In both areas, thin fluvial channel fills are superposed on meandering fluvial deposits (Figs. 11C and 11D). These channel fills indicate a later episode of hydrologic activity within a younger stratum of material. A unit of mounds covers the meandering fluvial deposits and channel fills (see map of area 40, Supplemental File [footnote 1]), suggesting that episodes of fluvial activity were followed by widespread deposition. The mounds are cut by alluvial fan deposits, which include debris-flow deposits. In area 35, large alluvial fans cut the mounds unit and have parallel ridges consistent with debris-flow levees (Fig. 11E). Area 40 preserves lobes that increase in size away from channel termini (Fig. 11F) and this morphology is similar to the morphology of terrestrial debris-flow lobes. Alluvial fans in areas 35 and 40 imply high depositional slopes, typically at escarpments (e.g., Zephyria Planum), and intermittent hydrologic activity. The presence of debris-flow levees and lobes in these local areas implies appreciable mud (Table 2), possibly sourced from erosion of the mounds unit.
Northwest Aeolis Dorsa: Areas 45N and 45S
Areas 45N and 45S preserve similar stratigraphies of fluvial and alluvial fan deposits, but these deposits are distinct from those in southeast Aeolis Dorsa (Table 2; Fig. 10). Areas in the northwest are next to Aeolis Planum and preserve networks of broad fluvial channel fills (Figs. 12A and 12B). However, these networks do not show evidence for meandering. Networks of broad channel fills imply regular hydrologic activity over low slopes (Table 2), but lack of meandering fluvial deposits suggests that these northwest areas lacked sufficient cohesive material to stabilize channel banks and maintain meander dynamics.
Both areas 45N and 45S preserve thin channel fills on top of the networks of broad channel fills (Figs. 12C and 12D). These superposed fluvial channel fills indicate a second episode of hydrologic activity. Local areas in the northwest lack a mounds unit, but do preserve alluvial fans (Figs. 12E and 12F). Fan deposits consist of thin and broad ridges that are consistent with sheetflood and channelized deposits. These alluvial fan deposits suggest development of relief subsequent to the formation of the channel fills, and infrequent, flashy hydrologic activity (Table 2). However, alluvial fans in areas 45N and 45S show no levees or lobes, suggesting an absence of cohesive sediment to initiate debris flows.
Previous analyses suggest that the Aeolis Dorsa region experienced significant change, specifically (1) a transition from fluvial channels to alluvial fans (Kite et al., 2015a) and (2) a decrease in hydrologic activity through time (Kite et al., 2015b), both of which imply changes in hydrology, sedimentology, and topography. In this study, we elucidate the local hydrologic processes and sedimentary conditions that occurred during these regional changes. Our work largely supports an interpretation of a region-wide decrease in hydrologic activity and at the same time augments the regional history with evidence for contrasting fluvial deposits and alluvial fan deposits between southeast and northwest Aeolis Dorsa (Table 2; Fig. 10). Based on this evidence, we reject the null hypothesis that formative processes and conditions in the Aeolis Dorsa region were uniform. Here, we discuss the history of local areas and the differences in processes and conditions among local areas, and propose causes of those differences.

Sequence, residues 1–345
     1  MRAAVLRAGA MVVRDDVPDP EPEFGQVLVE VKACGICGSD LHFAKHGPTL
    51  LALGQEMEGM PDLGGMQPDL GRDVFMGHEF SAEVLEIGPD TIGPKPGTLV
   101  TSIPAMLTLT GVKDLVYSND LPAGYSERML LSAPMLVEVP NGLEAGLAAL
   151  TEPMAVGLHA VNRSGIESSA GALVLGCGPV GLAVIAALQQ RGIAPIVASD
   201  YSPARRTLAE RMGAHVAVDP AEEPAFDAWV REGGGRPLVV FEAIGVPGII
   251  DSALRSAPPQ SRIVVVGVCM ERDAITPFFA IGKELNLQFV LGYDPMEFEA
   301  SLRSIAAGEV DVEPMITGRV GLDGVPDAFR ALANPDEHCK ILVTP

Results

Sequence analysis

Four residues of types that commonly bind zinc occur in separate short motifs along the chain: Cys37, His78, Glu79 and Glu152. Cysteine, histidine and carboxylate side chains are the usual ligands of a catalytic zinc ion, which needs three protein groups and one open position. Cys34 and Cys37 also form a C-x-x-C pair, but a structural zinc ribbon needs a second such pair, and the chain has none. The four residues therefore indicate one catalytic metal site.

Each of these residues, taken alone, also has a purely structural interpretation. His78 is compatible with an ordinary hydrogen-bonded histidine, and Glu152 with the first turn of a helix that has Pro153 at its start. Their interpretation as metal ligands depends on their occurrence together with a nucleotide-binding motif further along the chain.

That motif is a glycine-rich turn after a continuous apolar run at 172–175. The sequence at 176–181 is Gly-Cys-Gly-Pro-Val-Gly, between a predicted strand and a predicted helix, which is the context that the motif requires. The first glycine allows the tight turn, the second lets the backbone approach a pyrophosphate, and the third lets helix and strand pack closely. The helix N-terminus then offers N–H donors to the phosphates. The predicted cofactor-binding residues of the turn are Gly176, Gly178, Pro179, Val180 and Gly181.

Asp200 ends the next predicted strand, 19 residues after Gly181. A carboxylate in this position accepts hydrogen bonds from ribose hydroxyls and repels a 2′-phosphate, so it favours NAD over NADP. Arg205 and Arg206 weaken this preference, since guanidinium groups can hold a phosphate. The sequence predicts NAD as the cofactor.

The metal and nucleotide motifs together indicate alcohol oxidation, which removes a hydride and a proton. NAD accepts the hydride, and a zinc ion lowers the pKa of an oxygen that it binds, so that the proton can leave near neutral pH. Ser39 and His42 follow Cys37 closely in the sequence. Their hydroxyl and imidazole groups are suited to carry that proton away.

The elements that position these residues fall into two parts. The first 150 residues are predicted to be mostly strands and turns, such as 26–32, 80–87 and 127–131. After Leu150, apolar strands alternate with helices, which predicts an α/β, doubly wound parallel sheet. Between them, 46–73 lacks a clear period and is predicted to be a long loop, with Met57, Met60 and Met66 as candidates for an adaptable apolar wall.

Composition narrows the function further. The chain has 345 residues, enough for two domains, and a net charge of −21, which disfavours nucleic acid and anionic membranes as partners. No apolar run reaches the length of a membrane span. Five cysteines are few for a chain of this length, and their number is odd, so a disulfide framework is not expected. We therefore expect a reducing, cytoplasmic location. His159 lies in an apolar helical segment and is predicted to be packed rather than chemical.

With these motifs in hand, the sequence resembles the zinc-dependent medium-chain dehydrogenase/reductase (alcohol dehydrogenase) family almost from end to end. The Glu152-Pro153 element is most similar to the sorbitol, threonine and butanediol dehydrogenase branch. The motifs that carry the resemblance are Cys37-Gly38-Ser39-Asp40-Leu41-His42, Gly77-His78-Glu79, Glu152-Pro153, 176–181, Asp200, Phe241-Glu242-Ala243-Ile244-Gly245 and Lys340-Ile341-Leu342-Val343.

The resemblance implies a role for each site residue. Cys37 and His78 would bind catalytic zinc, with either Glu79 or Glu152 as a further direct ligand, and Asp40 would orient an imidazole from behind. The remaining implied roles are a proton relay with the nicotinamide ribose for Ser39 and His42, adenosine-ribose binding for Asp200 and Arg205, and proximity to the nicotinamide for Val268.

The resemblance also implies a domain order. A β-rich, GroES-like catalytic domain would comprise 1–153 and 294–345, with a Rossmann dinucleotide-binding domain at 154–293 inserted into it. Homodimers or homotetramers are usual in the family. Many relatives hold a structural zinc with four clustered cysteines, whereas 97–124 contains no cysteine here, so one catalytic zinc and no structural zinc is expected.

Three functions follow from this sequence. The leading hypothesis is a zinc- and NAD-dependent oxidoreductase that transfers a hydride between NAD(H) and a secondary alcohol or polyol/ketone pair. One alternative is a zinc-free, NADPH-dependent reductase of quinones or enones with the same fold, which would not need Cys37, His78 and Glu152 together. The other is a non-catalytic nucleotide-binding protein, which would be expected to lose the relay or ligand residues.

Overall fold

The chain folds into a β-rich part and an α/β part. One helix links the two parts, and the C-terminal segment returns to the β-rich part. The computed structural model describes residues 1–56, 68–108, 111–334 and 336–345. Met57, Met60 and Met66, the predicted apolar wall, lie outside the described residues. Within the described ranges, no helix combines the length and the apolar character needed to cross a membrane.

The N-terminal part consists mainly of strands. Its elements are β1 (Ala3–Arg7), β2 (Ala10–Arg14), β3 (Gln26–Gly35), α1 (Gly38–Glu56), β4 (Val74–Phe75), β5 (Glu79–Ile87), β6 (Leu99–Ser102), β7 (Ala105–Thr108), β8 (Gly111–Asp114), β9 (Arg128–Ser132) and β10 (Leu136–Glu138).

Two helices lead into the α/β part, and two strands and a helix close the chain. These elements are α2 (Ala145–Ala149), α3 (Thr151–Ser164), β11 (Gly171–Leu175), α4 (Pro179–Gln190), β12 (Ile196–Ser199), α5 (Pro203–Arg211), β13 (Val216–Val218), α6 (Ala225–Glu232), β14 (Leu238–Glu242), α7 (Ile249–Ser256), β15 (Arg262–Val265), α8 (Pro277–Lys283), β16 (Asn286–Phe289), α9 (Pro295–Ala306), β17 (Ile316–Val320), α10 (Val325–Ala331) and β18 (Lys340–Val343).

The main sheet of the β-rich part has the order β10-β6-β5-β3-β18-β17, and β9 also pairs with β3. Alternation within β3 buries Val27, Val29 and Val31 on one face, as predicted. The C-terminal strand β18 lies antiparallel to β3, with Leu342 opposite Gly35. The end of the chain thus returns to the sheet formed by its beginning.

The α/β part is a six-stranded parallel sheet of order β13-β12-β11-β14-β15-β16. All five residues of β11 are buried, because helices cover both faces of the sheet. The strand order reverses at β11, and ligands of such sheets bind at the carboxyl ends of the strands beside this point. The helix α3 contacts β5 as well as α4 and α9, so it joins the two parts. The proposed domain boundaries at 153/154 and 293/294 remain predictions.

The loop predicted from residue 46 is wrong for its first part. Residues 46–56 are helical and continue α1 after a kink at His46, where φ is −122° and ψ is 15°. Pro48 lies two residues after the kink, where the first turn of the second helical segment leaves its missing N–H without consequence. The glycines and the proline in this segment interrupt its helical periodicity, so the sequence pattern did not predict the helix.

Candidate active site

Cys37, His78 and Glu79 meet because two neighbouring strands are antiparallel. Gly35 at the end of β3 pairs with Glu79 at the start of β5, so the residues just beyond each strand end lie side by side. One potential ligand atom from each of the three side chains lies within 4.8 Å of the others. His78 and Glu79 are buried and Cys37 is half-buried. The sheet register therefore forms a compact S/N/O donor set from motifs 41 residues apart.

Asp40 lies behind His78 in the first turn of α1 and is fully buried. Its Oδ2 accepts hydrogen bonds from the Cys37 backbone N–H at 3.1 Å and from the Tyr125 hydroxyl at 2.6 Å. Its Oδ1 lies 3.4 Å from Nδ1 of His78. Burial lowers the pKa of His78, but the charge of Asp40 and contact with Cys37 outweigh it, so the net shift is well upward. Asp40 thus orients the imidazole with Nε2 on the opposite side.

The four mapping areas suggest two dichotomies of sedimentary units. One dichotomy is of fluvial deposition: meandering fluvial deposits appear only in southeastern Aeolis Dorsa and are absent from northwest Aeolis Dorsa (Table 2). These multiple units of meandering fluvial deposits imply low slopes, regular supplies of fluid and sediment, and appreciable cohesive sediment to stabilize channel banks. We thus suggest that areas in southern Aeolis Dorsa were more favorable for the development of cohesive sediments. We propose that higher elevations in southern Aeolis Dorsa favored enhanced precipitation due to orographic lifting (Burr et al., 2009; cf. Scanlon et al., 2013), which led to enhanced weathering, and greater yield of cohesive sediment, which promoted bank stabilization (cf. Matsubara et al., 2014).
Aeolis Serpens connects with fluvial channel fills in area 45N, but does not appear to connect with fluvial units in southern Aeolis Dorsa (Fig. 10). It is unclear whether Aeolis Serpens is a separate deposit that formed after the meandering fluvial deposits or if Aeolis Serpens is part of the northernmost extension of the widespread fluvial deposits in southern Aeolis Dorsa (Kite et al., 2015a). Thin fluvial channel fills appear in all local areas and represent the last-preserved episode of fluvial activity and sedimentation (Fig. 10). Delineations throughout Aeolis Dorsa suggest that thin channel fills formed discontinuous deposits that were less widespread than the older, broad fluvial deposits (Fig. 9).
Alluvial fans appear in each local area and represent the final episodes of hydrologic activity in the Aeolis Dorsa region (Fig. 10). The stratigraphic change from widespread fluvial deposits to localized alluvial fans (Fig. 9) implies a change in the paleoclimate. Alluvial fan formation requires intermittent hydrologic activity to enable the accumulation of weathered sediment in the fan catchment (e.g., Blair and McPherson, 1998). Therefore, the formation of meandering fluvial deposits followed by alluvial fans implies a change from regular to intermittent episodes (e.g., flashy discharges) of hydrologic activity. The paleoclimate implications of this stratigraphic transition suggest a regional history of decreasing hydrologic activity over time.